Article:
Photo Credit: Jewish Press

Fair Trade?

With Larry Penner’s letter, “Send Them to Canada” (Nov. 11), as a Canadian, may I make an offer? How about we take his illegals if the U.S. takes our Justin Trudeau? Seems like a fair trade to me – although I think we’d come out ahead!


Rod Corkum
Halifax, Canada


New Kings for Old

It’s remarkable how a man just a few short years ago accomplished such wonderful achievements and now is often considered a problem by his political party and his nation as a whole.

The wonderful things I’m referring to include the Abraham Accords, moving the American embassy to Jerusalem, and greatly supporting Israel in the United Nations and elsewhere. This is in addition to cutting taxes and promoting a great economy and prosperity, and making America energy independent, strengthening America’s military to the point where Russia, China, Iran, and North Korea were relatively well behaved.

In addition, he brought prosperity to the black community with the lowest unemployment on record, which he also did for the Hispanic community, the Asian community and women. Furthermore, he appointed conservative judges who follow the Constitution and refrain from making laws. (The Constitution gives the power of making laws to the Congress.)

The problems, on the other hand, stem from his sitting on his hands on January 6 when the Capitol was attacked and also his actions leading up to this year’s November 8 elections. His strong recommendations for candidates were based on who supported him rather than on who was best for America and the states they represented. Almost all of the candidates he supported lost, and inferior candidates from the other party won the election. The great loser is America.

This reminds me of an important lesson my son, who is an Orthodox rabbi in a prestigious yeshiva in Israel, taught me. I had mentioned that while the Torah clearly states a new Pharaoh arose in Egypt, rabbis discuss the possibility that the Pharaoh could have changed his mindset and direction. I mentioned that from the archeological information now available, we almost certainly know it actually was a new Pharoah, just as the Torah declares.

My son said the focus of the Torah is to provide strong guidance for Jews living in Israel as well as outside. We should be aware and realize that monarchs, presidents, and political leaders can change and that we should be aware of it and be prepared.

Charles Winfield
Princeton, N.J.


Time to Honor Meir Kahane

In the November 11 edition of The Jewish Press, Benjamin Kerstein’s Op-Ed describes Itamar Ben-Gvir as a “former disciple of Meir Kahane.” Further on in the article, Kerstein admits “Ben-Gvir may or may not prove to be a monster. In my view (Kerstein’s), he certainly has the makings of one.”

My immediate thought was, how can a disciple of Rabbi Meir Kahane be a “monster?” He/she might commit human errors from time to time, but a “monster?”

Rabbi Kahane’s columns were published every week for 30 years in the world’s most widely circulated Anglo-Jewish newspaper, The Jewish Press. Either Rabbi Kahane raised thoughtful Torah perspectives, or The Jewish Press owes an apology to its readership. My opinion is that the newspaper owes no apology. The weekly forum given to Rabbi Kahane helped save millions of Russian Jews, helped defend American Jews from antisemitism, and helped bring back countless assimilated Jews to Jewish observance. Certainly, a political perspective based upon Rabbi Kahane’s teachings would represent a program worthy of consideration.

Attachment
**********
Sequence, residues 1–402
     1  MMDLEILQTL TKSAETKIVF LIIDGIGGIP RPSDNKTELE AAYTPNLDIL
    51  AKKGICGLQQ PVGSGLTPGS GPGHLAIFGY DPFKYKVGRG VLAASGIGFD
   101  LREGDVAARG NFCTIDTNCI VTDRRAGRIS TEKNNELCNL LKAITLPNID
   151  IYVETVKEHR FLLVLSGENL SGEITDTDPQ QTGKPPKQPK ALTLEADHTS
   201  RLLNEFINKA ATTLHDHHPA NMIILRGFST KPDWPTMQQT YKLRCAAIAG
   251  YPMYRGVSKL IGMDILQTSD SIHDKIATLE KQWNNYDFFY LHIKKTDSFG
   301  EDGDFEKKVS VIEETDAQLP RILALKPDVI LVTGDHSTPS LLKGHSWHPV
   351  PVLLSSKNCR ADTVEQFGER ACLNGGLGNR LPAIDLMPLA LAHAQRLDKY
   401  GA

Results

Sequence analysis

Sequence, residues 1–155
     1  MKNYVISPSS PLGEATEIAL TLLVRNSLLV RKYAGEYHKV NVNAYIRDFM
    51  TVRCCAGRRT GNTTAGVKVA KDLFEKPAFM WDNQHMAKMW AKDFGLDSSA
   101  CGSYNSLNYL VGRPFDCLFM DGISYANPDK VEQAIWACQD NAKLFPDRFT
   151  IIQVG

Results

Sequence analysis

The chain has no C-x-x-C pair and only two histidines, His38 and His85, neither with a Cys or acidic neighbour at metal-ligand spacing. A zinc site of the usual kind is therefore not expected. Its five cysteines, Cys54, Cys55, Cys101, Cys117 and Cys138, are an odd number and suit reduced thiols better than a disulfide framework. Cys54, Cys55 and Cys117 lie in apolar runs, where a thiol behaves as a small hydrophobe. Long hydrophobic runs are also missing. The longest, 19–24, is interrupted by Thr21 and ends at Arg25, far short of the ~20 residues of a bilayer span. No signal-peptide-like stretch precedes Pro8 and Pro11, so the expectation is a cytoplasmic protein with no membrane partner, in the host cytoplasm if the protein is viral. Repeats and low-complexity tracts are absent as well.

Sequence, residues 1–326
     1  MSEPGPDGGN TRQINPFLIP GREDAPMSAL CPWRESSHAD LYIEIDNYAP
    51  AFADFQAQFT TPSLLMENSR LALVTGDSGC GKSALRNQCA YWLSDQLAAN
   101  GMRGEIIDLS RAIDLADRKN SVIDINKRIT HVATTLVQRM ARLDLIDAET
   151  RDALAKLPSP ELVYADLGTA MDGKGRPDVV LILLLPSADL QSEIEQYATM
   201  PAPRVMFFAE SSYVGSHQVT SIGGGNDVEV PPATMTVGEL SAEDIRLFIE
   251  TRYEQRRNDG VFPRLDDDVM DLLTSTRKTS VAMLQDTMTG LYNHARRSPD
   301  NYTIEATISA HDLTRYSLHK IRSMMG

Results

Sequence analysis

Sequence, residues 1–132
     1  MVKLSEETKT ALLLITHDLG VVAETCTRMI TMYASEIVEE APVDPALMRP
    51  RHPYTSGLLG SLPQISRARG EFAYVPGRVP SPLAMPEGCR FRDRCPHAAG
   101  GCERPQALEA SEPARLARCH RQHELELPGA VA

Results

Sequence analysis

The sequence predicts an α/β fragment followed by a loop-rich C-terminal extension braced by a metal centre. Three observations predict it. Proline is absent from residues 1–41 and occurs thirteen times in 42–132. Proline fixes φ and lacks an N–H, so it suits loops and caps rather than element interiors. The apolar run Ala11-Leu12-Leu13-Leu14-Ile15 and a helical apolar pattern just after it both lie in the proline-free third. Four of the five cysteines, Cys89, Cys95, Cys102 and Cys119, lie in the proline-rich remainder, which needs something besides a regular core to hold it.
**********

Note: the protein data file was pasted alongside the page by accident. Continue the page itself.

Kerstein also expressed the concerns of Diaspora Jews about Ben-Gvir’s inclusion in the next Knesset. Kerstein adds that these Diaspora Jews “have spent decades defending Israel as a liberal, democratic country that shares Western values.”

Missing from these observations is the silence from Diaspora Jews when, in 1990, the “only” democracy in the Middle East banned democracy by undemocratically canceling the candidacy of Rabbi Meir Kahane even while all polls indicated he would win anywhere from six to 18 Knesset seats.

The November 11 issue of The Jewish Press coincided with the 32nd yahrzeit of Rabbi Kahane. The week also coincided with disciples of Rabbi Kahane being included in the new Knesset. There is now an opportunity to enlighten your readership with selective writings of what Rabbi Kahane actually said, rather than what the media said and continues to say/infer about him and those who follow him.

David Ferster
Great Neck, N.Y.


Oh, Those Oblivious Orthodox

Regarding the article, “As Antisemitic Comments Rock Social Media: A closer look at its impact on Orthodox Jewry,” by Baruch Lytle” (Nov 11), I question the validity of the research when, as acknowledged, “… many – if not most – Orthodox Jews….with no or very limited access to communities, communications, secular newspapers, TV, or Internet, outside of their own insular community . . . could be aware of the degree of antisemitism in America – or the world – today. Secular college campuses head the list, of which the Orthodox community is most likely unfamiliar.”

If they only shop in their local stores, if they keep separate from the “outside” world, if they are kept unaware of current events – this, then, accounts for their overall lack of understanding. Being extremely out of touch with the secular world prevents them from grasping the magnitude and degree of antisemitism out there.

Laurie Dinerstein-Kurs
Via Email


Election Disappointments

Election day came and went and Dr. Oz lost his political career when he lost the election in Pennsylvania. In other news, I am disappointed that Lee Zeldin did not become New York’s first Jewish governor. His campaign was in full swing as he promised to make New York safer for everyone and maybe restore the city and the tourism.

Raquel Hanon
Via Email

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